It could rank as one of the greasiest public service announcements to ever come out of the halls of Janesville city government.
But the city’s latest public awareness campaign, “Cease the Grease,” and some free swag designed to help residents do just that, are an attempt by the water department to cut down on an insidious scourge.
That scourge is grease buildup in sewers, caused by people dumping cooking grease and food-related oils in their sinks.
The buildup can clog residents’ own drains and even block their sewer pipes, a city water official said.
The city is giving away plastic covers that affix to a metal soup or vegetable can to seal up grease drippings. The free covers are available at the water department and city clerk’s office.
People can use the lids to turn cans into sealed receptacles to collect cooking grease. They can store the cans in the fridge, and when they’re full of congealed grease, they can throw the cans in the garbage—instead of in the sink.
Craig Thiesenhusen, city water superintendent, says resident-generated grease buildup in sinks is a leading cause of sewer backups that can cause costly headaches for both homeowners and the city.
“Some homeowners are kind of unaware as to what should and shouldn’t go down the drain. First thing that shouldn’t go down the drain? Grease,” Thiesenhusen said.
A single call for a city crew to investigate a sewer main with a sewer camera can cost the city $200, Thiesenhusen indicated. That doesn’t include what it could cost the resident or the city to have a clog or backup fixed, depending on whose property it’s located.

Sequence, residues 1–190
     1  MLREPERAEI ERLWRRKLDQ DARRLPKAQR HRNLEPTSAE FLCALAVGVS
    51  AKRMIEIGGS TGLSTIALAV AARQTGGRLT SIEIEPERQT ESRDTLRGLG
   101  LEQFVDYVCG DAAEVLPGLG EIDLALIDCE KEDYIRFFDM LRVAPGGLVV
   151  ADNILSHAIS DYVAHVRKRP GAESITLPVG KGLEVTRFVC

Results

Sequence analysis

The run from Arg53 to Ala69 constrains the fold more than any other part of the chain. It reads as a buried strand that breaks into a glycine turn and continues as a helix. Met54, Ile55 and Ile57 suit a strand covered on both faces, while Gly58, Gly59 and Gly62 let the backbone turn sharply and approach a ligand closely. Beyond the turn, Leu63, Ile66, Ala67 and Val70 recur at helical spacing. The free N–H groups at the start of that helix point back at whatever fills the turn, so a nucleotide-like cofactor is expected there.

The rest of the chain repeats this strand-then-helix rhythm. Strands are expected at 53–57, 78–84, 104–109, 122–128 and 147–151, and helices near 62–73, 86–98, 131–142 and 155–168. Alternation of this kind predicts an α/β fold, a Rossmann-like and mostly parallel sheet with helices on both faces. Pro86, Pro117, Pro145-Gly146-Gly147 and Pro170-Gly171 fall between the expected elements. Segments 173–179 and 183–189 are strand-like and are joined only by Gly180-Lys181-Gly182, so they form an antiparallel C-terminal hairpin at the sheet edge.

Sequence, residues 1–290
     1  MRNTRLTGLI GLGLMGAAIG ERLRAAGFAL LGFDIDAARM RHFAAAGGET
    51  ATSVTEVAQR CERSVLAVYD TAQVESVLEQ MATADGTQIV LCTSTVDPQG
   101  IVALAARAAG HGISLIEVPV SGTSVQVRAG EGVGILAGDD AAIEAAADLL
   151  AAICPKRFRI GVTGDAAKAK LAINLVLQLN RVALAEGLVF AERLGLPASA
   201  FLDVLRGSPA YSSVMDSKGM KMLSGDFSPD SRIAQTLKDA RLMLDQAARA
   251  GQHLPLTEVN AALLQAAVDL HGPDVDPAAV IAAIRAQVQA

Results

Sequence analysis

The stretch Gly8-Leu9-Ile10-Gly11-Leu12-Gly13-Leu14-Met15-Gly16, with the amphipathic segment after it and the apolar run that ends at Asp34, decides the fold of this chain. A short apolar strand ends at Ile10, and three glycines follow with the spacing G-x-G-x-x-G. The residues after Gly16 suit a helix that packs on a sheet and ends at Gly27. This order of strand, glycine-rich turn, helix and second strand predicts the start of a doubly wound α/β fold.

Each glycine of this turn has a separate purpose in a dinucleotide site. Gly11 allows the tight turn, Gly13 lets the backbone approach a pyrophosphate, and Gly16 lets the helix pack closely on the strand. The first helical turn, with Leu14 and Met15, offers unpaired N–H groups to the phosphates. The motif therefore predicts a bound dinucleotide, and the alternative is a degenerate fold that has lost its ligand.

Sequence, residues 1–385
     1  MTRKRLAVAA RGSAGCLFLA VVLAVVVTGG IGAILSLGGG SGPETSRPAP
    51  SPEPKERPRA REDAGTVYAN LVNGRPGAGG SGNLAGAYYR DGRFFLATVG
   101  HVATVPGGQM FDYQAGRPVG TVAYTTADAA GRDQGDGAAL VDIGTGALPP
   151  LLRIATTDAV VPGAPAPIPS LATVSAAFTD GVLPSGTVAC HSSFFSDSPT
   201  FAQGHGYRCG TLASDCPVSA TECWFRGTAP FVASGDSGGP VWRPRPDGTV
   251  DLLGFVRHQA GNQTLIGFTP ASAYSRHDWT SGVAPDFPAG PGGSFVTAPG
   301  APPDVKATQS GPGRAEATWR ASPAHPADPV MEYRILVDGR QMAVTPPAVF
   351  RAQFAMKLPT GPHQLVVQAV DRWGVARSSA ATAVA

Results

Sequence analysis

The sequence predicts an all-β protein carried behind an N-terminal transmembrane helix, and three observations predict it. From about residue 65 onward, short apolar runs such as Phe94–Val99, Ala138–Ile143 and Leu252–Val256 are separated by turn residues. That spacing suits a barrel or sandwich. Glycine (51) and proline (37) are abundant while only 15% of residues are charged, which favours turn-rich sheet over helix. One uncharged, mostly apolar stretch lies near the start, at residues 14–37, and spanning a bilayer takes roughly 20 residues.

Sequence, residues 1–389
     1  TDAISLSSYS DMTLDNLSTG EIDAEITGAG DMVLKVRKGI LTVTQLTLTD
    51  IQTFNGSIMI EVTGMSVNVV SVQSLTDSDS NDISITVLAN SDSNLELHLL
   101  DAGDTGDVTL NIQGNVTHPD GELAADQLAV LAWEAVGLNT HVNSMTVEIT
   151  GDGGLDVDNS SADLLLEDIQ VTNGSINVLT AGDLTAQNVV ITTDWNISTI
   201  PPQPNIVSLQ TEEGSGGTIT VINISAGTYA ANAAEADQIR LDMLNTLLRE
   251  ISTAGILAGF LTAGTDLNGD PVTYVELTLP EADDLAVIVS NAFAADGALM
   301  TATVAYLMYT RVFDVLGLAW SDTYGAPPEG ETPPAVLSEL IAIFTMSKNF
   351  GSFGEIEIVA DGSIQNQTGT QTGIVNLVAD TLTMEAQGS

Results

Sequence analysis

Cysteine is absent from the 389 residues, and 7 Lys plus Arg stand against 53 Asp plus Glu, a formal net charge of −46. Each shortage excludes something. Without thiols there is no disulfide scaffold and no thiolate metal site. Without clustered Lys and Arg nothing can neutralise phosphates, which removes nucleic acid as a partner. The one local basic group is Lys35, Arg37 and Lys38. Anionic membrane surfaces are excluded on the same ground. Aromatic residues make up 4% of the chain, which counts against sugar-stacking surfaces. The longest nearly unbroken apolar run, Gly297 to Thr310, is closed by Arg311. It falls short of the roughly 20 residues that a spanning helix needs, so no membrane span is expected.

Thiesenhusen said sewer backups can happen for any number of reasons. Often it’s a combination of reasons, including tree roots blocking laterals or people flushing items not intended to go in a toilet.
But one culprit—people dumping cooking grease or oily foods such as mayonnaise and dressings down their drains—is totally avoidable.
Just don’t dump food grease down the sink.
“I can show you lots of videos of these drains,” Thiesenhusen said.
Thanks, Craig, but a PSA video that JATV produced for the city’s website as part of its “Cease the Grease” campaign might offer enough of a glimpse.
The video shows sewer camera footage of a typical residential sewer lateral as it becomes clogged with solidified cooking grease (and other stuff that we don’t necessarily want to identify).
That’s where the city giving away free plastic “Cease the Grease” lids comes in. Thiesenhusen said it’s part education, part mobilization of people “to help assist us in our maintenance.”
“It’s to keep (city) costs down. That’s what we’re asking,” he said. “Even if it helps (eliminate) 10 percent of problems, that’s 10 percent of help we didn’t have before.”